If it fails to build, take a look at your DOCUMENTATION string
or you might have a Python syntax error in there too.

Python Imports

To make it clear what a module is importing, imports should not be sprinkled throughout the code.

Python Imports should happen at the top of the file, exempting code from module_utils.

When a conditional runtime import is required, do so something like this instead:

HAS_FOO = False
import foo
HAS_FOO = True
except ImportError:


if not HAS_FOO:
raise Exception("the foo library is required")

This makes it clear what optional dependencies are but allows this to be deferred until runtime. In the case of module code, the raising of the Exception will be replaced
with a "module.exit_json" call.


In the main body of the code, use typed exceptions where possible:

# not this
raise Exception("panic!")

# this
from ansible import errors
raise errors.AnsibleError("panic!")

Similarly, exception checking should be fine grained:

# not this

# but this
except SomeTypedException:

List Comprehensions

In general list comprehensions are always preferred to map() and filter() calls.

However, they can be abused. Optimize for readability, and avoid nesting them too deeply.


There is a time and place for them, but here's an illustrative joke.

"A developer had a problem, and used a regular expression to solve it. Now the developer had two problems".

Often regexes are difficult to maintain, and a trusty call to other string operations can be a great solution, faster,
and more readable.

File Conventions

If a piece of code looks for a named YAML file in a directory, it should assume it can take no extension, or an extension of '.yml' or '.yaml'.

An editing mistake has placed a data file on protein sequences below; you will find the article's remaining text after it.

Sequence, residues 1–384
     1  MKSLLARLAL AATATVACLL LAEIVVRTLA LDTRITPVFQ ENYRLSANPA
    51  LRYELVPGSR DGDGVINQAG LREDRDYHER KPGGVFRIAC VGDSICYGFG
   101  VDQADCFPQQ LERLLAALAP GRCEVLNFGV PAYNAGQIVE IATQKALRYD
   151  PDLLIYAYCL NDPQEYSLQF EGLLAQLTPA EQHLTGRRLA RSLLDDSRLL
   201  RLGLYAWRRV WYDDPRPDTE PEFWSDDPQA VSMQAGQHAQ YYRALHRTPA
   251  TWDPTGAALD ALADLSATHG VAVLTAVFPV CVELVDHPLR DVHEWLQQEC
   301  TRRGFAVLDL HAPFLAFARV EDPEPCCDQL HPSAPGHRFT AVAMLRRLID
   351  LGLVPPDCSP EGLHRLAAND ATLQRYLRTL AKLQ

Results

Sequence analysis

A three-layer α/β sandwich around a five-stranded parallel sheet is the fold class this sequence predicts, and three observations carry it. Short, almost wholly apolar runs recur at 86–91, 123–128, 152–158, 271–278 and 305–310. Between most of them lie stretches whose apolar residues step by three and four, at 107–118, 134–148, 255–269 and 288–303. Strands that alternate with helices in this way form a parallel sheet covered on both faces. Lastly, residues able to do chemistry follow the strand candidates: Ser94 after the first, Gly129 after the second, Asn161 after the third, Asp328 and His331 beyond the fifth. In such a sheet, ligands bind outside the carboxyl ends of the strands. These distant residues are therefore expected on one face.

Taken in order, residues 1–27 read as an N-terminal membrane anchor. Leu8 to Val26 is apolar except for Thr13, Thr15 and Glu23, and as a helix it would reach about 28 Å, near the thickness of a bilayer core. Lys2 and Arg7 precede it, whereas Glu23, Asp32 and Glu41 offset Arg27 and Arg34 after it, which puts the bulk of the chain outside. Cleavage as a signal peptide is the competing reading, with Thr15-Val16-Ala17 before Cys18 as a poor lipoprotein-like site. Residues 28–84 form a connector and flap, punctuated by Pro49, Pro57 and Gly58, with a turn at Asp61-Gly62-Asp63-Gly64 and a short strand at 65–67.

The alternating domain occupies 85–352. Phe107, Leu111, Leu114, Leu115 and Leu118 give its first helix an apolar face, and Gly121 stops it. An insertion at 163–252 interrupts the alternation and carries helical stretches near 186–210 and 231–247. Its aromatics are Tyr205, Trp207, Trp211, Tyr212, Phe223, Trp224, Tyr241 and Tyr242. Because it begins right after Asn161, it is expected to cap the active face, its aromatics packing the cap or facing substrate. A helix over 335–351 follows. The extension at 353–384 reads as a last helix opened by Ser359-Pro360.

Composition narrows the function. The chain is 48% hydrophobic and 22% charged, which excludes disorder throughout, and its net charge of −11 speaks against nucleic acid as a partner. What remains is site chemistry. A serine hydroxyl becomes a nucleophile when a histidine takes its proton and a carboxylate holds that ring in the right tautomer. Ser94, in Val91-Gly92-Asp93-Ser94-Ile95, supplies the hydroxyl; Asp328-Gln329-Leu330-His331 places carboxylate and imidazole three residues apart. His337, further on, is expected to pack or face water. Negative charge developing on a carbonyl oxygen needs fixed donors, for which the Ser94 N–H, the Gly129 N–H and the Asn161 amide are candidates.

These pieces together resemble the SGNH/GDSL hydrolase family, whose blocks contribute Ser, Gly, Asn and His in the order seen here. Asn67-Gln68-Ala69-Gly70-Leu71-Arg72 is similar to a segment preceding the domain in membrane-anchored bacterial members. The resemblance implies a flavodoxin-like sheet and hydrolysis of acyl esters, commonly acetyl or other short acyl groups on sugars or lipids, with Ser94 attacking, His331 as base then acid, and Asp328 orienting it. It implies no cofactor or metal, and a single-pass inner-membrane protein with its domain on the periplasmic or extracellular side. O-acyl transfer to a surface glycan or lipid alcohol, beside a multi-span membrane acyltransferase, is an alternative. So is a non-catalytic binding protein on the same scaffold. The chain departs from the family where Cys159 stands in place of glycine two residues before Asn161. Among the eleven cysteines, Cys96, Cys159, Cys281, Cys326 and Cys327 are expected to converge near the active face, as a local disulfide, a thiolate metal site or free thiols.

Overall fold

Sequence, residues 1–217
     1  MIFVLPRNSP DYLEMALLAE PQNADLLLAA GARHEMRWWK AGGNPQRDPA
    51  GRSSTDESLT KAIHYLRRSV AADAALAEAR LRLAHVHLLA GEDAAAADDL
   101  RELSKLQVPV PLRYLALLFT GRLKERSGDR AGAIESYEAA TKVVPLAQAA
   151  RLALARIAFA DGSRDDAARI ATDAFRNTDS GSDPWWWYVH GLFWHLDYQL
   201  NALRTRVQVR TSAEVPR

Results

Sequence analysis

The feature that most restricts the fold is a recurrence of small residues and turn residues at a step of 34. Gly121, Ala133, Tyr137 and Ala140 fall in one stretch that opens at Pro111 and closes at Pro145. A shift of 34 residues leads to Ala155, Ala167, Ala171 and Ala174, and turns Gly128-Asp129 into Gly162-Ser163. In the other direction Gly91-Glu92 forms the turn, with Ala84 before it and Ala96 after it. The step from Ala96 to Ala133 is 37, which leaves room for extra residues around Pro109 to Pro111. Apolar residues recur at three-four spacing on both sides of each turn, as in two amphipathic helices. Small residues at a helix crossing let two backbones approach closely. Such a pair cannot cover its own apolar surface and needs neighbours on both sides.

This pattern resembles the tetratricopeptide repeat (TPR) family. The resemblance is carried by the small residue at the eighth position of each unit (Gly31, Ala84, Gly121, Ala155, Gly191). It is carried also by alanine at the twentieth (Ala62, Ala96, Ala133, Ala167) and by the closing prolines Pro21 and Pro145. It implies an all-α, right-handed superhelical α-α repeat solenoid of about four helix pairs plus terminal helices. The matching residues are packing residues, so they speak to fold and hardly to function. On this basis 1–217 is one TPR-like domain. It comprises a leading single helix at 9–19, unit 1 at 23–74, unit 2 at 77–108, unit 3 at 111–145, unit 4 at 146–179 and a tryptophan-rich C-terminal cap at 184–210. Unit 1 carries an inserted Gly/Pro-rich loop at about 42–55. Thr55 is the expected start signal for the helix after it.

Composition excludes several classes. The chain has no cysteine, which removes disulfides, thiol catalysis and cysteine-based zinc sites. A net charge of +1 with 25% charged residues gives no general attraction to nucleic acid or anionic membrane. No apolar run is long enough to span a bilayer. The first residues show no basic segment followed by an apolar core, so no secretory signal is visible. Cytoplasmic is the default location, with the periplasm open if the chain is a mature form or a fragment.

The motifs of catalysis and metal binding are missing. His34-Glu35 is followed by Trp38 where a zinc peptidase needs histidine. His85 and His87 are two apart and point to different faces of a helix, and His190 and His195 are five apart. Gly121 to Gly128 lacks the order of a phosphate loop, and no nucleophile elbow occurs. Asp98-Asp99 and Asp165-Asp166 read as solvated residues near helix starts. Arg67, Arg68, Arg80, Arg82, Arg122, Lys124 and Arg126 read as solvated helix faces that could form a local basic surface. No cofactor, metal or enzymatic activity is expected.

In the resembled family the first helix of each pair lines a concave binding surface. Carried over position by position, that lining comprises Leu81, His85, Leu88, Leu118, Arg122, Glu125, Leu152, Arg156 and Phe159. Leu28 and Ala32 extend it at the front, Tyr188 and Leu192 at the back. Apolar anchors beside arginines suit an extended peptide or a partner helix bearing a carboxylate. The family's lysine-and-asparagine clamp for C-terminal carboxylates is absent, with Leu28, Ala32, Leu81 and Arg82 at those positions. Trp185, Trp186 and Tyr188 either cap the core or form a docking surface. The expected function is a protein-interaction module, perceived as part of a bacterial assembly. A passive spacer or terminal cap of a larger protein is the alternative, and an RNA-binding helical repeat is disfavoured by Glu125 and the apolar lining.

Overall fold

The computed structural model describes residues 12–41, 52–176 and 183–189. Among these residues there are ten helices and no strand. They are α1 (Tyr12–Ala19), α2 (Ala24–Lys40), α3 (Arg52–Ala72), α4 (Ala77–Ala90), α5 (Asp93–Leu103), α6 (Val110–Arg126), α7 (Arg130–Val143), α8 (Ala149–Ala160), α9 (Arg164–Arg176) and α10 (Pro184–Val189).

This should be true against all code that loads files.

Any code that uses directories should consider the possibility that the directory may be symlink.

New Ansible language parameters

If adding a new parameter, like 'can_fizzbuzz: True/False' be sure the value of the parameter is templated somewhere in the Runner code, as if anything can be parameterized in Ansible,
there is a user that will try to parameterize it.

String Find

Use 'in':

# not this:
if x.find('foo') != -1:

# this:
if 'foo' in x:

String checks

To test if something is a string, consider that it may be unicode.

# no
if type(x) == str:

# yes
from ansible.module_utils.six import string_types
if isinstance(x, string_types):


Ansible's code is intended to be read by as many people as possible, so we don't particularly encourage clever or heavily idiomatic code.

In particular, metaclasses are probably not appropriate, however entertaining they may be to add.

Git Practices

Pull requests cannot be accepted if they contain merge commits.

Always do "git pull --rebase" and "git rebase" vs "git pull" or "git merge". See [rebasing a pull request]( for more information.

Always create a new branch for each pull request to avoid intermingling different features or fixes on the same branch.

Python Version Compliance

All code in Ansible core must support a minimum version of Python 2.6.

Module code must support a minimum of Python 2.4, with occasional exceptions for modules that require code that themselves require 2.6 and later.

A quick reminder is that list comprehensions in Python 2.4 are not as fully fleshed out, there are no 'dict' comprehensions, and there is no 'with' statement.
But otherwise it's pretty much all the same.

The End

This was not meant to be a scary document, so we hope it wasn't, but we also hope this helps you write code that is easier to maintain by others in the future.
If you have questions about this document, please ask on the ansible-devel mailing list.

Thank you!
Our [Community Guide]( may also help you connect with the community of Ansible developers.
@@ -1,3 +1,5 @@
# Module Maintainer Guidelines

The Ansible Module Maintainer Guidelines can now be found in the [official Ansible community guide](

See also the [Developers Guide](